What is collaborative divorce?

Collaborative divorce is a private and respectful way to divorce without court interference. Collaborative practice is also family focused, especially when children are involved. In contrast to mediation, each spouse retains his or her own specially trained lawyer. The four of us work together as a team. Sometimes a collaborative coach or financial specialist will assist us as well. As a collaborative lawyer, I work as my client’s advocate to achieve and satisfy his or her legitimate interests. At the same time, I listen to and consider the interests of the other family members. Collaboration emphasizes open communication and creative decision making.

While many lawyers say they practice “collaborative divorce” or that all their divorces are collaborative, in strict legal terms, a collaborative divorce is a specific process that abides by certain basic requirements including three core principles—

  • A pledge not to permit court interference, in other words to settle out of court
  • An honest exchange of information by both spouses
  • A solution that takes into account the highest priorities of both spouses and their children

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What are the benefits of collaborative divorce?

Collaborative divorces are private, respectful, and foster creative problem solving. Most important, you and your spouse retain decision making over your lives and those of your children.

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Are there specific benefits to collaborative divorce for high income or asset couples?

Yes. Private fact gathering and an opportunity to obtain financial expertise are two of the benefits especially attractive to individuals with high income or net worth considering divorce. To learn more, click here.

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Can spouses who dislike or even hate each other successfully collaborate?

Yes, quite often. Finding the right professional support team is one key to success.

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Is collaborative divorce right for every divorcing couple?

It’s right for most but not all divorcing couples. Collaborative divorce requires open communication between the parties. If your marital situation involves domestic violence and restraining orders or your spouse will never be truthful about the finances, your options for this creative approach to divorce may be limited.

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My spouse and I have some big problems that I am not sure can be solved by a judge simply making a decision. How can collaborative divorce meet my needs?

You are correct in your concern that a judge may not be able to solve your family problems. The authority of a judge is limited by law. In addition, even the most experienced and well intentioned judge does not have the opportunity to really know you, your spouse, or your children or often the time, training, or expertise to address your family’s specific needs.

By divorcing collaboratively, you and your spouse have the benefit of not only lawyers, but also communications, parenting, and financial specialists. Collaborative divorce focuses on educating and empowering each spouse so that the spouses together can make the best choices for themselves and their families, whether these choices involve finances, parenting, or ongoing relationships.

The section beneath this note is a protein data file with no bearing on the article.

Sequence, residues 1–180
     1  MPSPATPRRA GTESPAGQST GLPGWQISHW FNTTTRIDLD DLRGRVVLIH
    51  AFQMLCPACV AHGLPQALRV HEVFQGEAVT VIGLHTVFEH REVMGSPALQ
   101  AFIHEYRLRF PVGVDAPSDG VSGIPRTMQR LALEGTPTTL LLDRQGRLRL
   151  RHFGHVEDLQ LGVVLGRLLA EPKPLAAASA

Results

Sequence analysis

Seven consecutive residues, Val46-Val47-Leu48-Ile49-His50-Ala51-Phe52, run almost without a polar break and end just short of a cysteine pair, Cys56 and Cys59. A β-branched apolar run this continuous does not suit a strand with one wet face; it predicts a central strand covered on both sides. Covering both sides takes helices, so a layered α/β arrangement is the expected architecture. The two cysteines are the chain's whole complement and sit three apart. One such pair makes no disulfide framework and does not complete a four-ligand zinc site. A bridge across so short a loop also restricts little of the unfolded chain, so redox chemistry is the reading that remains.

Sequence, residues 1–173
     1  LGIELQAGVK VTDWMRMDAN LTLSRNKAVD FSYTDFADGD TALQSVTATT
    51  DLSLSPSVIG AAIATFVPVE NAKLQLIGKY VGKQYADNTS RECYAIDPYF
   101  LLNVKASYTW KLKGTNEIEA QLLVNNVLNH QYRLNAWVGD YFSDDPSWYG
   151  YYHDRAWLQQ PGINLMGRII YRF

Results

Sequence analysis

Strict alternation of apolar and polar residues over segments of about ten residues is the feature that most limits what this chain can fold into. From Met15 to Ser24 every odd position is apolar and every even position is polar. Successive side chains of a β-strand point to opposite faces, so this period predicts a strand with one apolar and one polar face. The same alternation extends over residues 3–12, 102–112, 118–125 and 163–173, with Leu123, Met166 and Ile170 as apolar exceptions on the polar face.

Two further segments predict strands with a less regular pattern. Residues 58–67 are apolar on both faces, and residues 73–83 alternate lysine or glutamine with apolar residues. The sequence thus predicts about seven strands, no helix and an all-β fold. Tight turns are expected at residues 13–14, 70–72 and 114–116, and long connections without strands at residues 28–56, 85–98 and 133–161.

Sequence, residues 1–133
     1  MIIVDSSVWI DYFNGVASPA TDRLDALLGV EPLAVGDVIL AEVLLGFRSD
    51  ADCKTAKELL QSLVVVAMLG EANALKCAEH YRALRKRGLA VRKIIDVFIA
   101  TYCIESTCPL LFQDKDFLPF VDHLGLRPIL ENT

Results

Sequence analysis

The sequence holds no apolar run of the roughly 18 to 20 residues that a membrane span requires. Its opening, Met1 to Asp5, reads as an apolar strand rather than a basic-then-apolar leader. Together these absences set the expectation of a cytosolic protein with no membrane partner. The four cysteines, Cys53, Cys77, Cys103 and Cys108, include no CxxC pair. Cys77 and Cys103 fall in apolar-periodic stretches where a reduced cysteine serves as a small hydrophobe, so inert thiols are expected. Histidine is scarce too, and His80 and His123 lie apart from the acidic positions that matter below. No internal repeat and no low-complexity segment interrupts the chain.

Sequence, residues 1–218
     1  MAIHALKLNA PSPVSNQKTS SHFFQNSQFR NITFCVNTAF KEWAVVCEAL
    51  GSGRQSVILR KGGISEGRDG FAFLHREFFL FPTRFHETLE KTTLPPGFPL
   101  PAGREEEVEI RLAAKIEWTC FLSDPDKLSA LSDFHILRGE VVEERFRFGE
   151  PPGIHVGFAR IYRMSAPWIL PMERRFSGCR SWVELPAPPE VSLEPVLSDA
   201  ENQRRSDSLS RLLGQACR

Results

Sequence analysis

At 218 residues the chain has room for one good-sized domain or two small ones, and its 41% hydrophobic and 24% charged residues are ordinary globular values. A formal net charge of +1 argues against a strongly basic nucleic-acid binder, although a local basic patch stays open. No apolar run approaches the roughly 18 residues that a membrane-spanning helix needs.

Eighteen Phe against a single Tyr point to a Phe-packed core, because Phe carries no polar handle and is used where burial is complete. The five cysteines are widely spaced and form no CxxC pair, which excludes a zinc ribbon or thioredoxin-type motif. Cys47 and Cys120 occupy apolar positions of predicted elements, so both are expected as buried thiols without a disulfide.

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What is the main difference between divorce mediation and collaborative divorce?

The mediator must maintain neutrality throughout the mediation process. The mediator cannot give legal advice or keep secrets between spouses.

As a collaborative lawyer, I am my client’s ally, advocate, and adviser. I am at your side throughout the collaborative process. I provide my client with legal advice and guidance. Our relationship is legally privileged, protected, and confidential.

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Is divorce mediation or collaborative divorce better?

Neither process is necessarily “better” than the other. Instead, the divorcing couple should consider the level of professional support that best fits their situation.

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What are the main differences between collaborative divorce and a traditional or litigated divorce?

Collaborative divorce focuses on:

  • Allowing the divorcing couple to control their own lives.
  • Maintaining a private and respectful divorce environment.
  • Creative decision making.
  • Responsibility.
  • The future.

Traditional divorce and litigation emphasizes:

  • Giving decision making authority and control to others – lawyers, judges, so called experts.
  • Publicly disclosing financial and personal information.
  • Limited options.
  • Fault and blame.
  • The past.

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Will a divorcing person receive a better outcome if he or she litigates rather than collaborates?

No. In my experience, the divorce experience and outcome of a collaborative divorce for essentially all divorcing persons is better than the experience and outcome of a litigated divorce case.

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Can any divorce lawyer effectively and properly handle a collaborative divorce case?

No. I strongly recommend that you do not retain a lawyer to represent you in a collaborative divorce unless—

  • The lawyer has formal collaborative training
  • He or she has a record of collaborative case success
  • The lawyer agrees in writing that he will not represent you in court if the collaboration is unsuccessful.

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